December 8, 2022 - January 26, 2023
Gobernador José Guadalupe Covarrubias 46, San Miguel Chapultepec
JO-HS and Olympia are proud to collaborate and present Works In Gress, a solo exhibition of tapestrie created over the course of the last two years by Cassandra Mayela. The exhibition highlights Mayela’ ongoing Maps of Displacement - a participatory series of site-specific installations created through repurposing Venezuelan immigrants' clothes to create tapestries that evoke one of the largest modern-day refugee crises.
For the past 2 years, Mayela has been collecting clothing from Venezuelan immigrants that hav relocated in different parts of the U.S. and the world. She asks for something that represents them or has a connection with their migratory process. These works are dependent on the collection process itself and oftentimes getting people involved has proven to be hard as for some, reliving their experiences can be quite painful.
By working within a site-specific framework, the tapestries connect with the specificities of the locatio studied through material, scale, and pallet. Each piece opens a repository of personal and social experience of diaspora, blurring the lines between artifact and contemporary sculptural and textile practices.
Maps of Displacement, the central component of Mayela’s textile practice, is recontextualized in the metropolis of Mexico City, with a refined understanding of what it means to complete a work of art, especiall as it pertains to a socio political reality that has no end in sight.
“Work in progress” (WIP) is an acronym often used by artists to indicate that the work being presented is unfinished.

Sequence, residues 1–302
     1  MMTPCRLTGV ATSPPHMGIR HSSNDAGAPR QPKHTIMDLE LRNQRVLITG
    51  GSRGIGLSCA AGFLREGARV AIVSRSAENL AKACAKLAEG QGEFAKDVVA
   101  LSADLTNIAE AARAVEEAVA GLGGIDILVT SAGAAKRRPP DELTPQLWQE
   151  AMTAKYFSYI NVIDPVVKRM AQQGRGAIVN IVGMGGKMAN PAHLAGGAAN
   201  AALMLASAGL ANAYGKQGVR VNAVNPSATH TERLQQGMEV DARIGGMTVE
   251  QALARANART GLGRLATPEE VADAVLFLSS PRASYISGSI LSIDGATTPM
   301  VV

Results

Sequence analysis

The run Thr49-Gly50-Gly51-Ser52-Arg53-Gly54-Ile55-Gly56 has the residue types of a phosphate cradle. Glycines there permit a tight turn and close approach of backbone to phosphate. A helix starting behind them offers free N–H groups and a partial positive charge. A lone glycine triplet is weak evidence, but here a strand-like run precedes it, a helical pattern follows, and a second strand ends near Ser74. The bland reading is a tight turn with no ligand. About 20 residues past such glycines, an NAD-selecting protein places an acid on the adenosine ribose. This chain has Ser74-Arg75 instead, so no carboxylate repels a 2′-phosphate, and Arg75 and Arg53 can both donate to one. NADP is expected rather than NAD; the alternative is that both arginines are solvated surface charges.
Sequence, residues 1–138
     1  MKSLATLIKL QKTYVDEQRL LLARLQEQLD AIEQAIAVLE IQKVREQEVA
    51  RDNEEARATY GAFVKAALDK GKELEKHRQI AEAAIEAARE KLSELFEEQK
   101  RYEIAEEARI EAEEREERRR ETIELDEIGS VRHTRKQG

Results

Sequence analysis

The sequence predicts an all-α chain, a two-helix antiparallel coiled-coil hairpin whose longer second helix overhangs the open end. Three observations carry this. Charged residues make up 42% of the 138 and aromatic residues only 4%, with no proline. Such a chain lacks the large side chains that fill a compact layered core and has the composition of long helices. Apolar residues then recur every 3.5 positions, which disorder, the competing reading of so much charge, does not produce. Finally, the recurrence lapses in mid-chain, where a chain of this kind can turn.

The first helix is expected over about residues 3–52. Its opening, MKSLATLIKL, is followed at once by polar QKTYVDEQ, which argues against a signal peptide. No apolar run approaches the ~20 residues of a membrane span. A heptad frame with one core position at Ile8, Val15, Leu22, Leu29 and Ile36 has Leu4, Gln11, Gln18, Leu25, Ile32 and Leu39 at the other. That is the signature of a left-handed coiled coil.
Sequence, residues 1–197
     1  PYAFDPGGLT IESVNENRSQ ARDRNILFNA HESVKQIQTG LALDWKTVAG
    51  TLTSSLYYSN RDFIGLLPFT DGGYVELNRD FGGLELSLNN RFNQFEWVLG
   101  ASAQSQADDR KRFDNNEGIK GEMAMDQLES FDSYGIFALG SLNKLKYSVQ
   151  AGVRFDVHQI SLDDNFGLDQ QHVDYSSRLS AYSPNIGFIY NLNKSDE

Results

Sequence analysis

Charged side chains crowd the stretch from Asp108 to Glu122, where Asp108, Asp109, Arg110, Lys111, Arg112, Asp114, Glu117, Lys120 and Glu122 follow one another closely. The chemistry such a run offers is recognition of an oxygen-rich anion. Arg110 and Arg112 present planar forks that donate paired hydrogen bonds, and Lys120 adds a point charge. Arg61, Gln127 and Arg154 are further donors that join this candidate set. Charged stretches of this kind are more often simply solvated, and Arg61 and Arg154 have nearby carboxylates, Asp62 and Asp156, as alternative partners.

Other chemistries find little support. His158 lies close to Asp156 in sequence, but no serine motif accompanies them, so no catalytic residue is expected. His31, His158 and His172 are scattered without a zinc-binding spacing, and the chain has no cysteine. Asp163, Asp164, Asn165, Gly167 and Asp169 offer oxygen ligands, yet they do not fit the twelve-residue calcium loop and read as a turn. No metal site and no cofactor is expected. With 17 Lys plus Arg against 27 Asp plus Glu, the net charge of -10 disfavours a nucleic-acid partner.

In this context, Maps of Displacement is a “Work in Progress” as the subject of the series is an unresolved and unending migratory crisis. However, when considering the cultural implication of a social crisis, the word regression feels more appropriate than progress.
So, what is progress? And what is regress? What is gress?
“Pro” means forward and “re” means backwards. “Gress” derives from the Latin gressus: a step, pace, degree. It indicates almost exclusively, movement.
This leads me to recontextualize my own understanding of forward vs. backwards, and instead use the term Work in Gress (WIG). I want to note that my practice will always be in gress, focusing on the movement without it being related to any sort of system; just movement.
About the artist
Cassandra Mayela is a self-taught textile artist working and living in New York since her forced migration from Venezuela in 2014. Her personal experiences as an immigrant and a woman of colour have shaped her curiosity for clothing’s story-telling capacity and how migration affects one’s identity and feelings of belonging. In doing so, her work is largely community-orientated, exploring the idea that fundamental changes in fabric can affect one’s perception of identity, highlighting new avenues of empowerment.